Last weekend, UK PM Theresa May announced that the UK will trigger Article 50 by the end of March 2017 to kick off the formal Brexit process, sparking a selloff in Sterling. The lower pound, however, has done wonders for the UK economy and UK stocks over the summer with manufacturing PMI beating the street and more data on the way this week.
For the better part of a year before the June Brexit vote, the FTSE had traded in a channel between 5,500 and 6,500 with an initial rally off the February low stalling in the spring. While the decision by UK voters to leave the EU sent Sterling lower, it sparked a major rally in the FTSE from near 5,700 toward the 6,600-6,925 range initially.
On Monday, The FTSE broke out of this channel calling off a triple top and signalling the start of a new upleg. This upturn was confirmed by the RSI breaking out of a downtrend. Next potential resistance tests appear near the 7,000 round number then 7,050 and 7,250 based on measured moves from recent trading channels. .
The crash in the Pound has made UK stocks look a lot more attractive over the summer for two main reasons.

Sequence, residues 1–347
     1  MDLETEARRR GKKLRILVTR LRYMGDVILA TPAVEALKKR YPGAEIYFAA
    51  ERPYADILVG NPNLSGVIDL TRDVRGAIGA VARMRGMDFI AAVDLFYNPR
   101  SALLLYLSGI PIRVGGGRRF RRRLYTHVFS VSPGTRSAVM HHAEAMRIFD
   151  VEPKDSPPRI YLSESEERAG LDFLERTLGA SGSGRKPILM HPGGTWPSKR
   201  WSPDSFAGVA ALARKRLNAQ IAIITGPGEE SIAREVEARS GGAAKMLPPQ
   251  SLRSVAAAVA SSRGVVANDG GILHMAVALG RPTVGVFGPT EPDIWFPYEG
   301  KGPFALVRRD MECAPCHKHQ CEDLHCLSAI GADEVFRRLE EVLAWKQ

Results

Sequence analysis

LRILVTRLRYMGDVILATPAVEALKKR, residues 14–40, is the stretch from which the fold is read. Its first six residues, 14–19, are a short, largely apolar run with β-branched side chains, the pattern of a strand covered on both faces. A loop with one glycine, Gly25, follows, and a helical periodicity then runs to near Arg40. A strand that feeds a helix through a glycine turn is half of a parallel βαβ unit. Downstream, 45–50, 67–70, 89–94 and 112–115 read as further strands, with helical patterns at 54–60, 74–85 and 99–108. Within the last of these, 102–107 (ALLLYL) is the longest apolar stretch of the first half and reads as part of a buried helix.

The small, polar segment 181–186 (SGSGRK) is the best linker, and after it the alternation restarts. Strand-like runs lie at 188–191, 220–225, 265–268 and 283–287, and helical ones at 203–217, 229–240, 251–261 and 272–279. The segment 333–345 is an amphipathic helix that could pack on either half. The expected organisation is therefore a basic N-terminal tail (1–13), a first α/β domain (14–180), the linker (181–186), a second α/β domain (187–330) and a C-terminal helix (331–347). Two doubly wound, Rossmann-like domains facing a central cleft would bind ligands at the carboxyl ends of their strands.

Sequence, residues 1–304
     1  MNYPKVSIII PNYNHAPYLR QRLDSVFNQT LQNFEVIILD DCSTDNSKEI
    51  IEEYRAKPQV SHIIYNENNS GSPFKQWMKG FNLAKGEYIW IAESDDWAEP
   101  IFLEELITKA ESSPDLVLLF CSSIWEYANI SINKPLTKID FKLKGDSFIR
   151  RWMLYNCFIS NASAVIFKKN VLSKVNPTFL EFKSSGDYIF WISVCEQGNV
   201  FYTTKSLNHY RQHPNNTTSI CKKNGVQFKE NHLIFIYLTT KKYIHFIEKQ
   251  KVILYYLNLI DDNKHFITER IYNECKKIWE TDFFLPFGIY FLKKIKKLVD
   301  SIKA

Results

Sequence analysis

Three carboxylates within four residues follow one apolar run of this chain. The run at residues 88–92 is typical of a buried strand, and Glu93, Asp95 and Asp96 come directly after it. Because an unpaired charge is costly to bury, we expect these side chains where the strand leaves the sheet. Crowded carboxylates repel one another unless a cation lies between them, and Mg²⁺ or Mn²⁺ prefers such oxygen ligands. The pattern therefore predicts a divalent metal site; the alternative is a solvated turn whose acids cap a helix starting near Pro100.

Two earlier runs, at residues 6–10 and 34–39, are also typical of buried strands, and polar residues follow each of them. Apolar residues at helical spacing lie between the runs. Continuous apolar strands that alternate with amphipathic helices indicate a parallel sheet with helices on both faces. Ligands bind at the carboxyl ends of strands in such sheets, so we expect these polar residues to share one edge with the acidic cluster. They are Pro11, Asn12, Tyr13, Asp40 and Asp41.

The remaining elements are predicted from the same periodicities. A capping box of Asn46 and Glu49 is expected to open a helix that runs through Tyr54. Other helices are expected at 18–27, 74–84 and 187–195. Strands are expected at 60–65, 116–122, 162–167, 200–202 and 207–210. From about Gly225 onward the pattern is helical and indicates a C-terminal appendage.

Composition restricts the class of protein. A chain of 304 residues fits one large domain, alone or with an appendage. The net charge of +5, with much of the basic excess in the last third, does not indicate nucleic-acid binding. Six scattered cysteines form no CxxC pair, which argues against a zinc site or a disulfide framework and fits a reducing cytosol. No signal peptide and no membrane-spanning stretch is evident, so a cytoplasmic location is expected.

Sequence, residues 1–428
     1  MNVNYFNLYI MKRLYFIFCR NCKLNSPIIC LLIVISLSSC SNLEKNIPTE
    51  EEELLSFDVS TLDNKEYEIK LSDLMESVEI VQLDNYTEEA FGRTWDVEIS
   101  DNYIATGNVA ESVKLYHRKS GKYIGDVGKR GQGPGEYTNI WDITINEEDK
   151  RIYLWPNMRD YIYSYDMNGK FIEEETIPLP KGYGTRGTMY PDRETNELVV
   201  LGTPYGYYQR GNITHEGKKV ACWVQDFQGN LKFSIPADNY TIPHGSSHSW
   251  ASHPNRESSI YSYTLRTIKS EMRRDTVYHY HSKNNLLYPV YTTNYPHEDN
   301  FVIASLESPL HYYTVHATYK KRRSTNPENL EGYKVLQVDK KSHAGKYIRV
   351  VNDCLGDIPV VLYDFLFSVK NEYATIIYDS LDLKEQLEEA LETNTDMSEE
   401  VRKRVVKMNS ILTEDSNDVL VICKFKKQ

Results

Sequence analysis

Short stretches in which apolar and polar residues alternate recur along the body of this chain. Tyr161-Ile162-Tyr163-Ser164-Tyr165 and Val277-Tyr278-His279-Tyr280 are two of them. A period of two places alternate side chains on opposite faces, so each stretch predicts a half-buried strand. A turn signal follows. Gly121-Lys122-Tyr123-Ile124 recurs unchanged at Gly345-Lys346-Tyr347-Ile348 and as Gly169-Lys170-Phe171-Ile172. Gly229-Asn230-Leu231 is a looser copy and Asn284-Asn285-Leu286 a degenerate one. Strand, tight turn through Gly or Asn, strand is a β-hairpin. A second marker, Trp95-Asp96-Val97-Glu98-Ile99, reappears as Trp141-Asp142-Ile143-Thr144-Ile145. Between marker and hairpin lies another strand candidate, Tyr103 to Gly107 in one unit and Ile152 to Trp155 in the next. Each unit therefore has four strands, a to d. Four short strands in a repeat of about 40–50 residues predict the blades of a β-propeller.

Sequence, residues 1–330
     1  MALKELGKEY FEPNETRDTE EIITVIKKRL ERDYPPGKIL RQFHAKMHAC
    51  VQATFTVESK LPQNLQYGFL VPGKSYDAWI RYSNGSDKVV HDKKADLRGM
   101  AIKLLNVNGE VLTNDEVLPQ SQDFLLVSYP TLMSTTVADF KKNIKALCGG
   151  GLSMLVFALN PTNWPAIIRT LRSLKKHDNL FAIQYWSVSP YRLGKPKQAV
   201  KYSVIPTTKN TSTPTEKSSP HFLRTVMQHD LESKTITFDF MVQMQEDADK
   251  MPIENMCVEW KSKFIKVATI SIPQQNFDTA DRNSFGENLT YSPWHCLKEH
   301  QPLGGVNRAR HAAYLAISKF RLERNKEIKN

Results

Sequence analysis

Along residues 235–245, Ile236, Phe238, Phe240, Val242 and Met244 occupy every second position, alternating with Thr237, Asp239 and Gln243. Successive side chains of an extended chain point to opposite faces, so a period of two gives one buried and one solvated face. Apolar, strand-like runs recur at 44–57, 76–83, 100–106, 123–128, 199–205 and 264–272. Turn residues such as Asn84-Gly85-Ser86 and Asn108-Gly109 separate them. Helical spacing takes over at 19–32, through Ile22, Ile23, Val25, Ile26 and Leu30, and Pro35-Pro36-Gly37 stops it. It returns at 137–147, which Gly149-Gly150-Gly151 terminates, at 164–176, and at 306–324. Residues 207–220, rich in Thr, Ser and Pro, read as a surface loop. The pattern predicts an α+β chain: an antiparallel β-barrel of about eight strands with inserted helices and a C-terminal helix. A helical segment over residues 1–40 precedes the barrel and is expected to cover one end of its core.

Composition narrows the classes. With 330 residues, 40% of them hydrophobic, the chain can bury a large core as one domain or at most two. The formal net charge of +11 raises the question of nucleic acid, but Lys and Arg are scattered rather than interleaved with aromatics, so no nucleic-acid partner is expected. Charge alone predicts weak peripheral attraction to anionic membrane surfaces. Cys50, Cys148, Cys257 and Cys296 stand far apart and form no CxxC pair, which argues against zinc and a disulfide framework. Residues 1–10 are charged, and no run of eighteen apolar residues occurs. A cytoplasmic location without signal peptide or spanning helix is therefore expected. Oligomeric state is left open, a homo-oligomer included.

1) Many UK companies, particularly in the FTSE 100
are multinationals, and many are listed on multiple exchanges. The diving pound make these companies suddenly a lot cheaper in UK terms relative to their peers.
2) The sudden large devaluation of GBP has also suddenly made UK companies a lot more competitive than their peers in other countries, improving their earnings prospects. The GBP crash has made UK exports a lot cheaper and imports to the UK a lot more expensive.
This positive impact can be seen most clearly in UK manufacturing PMI announced Monday. Once again pessimists on the street were proven to be dead wrong. The street had been expecting UK manufacturing PMI to fall to 52.1 from 53.5, instead it soared up to 55.4.
Over the course of this week, more UK PMI reports are due for the construction and service sectors. Later this month corporate results or updates may give a better idea of how individual companies and sectors have been affected or benefitted from the Brexit decision.
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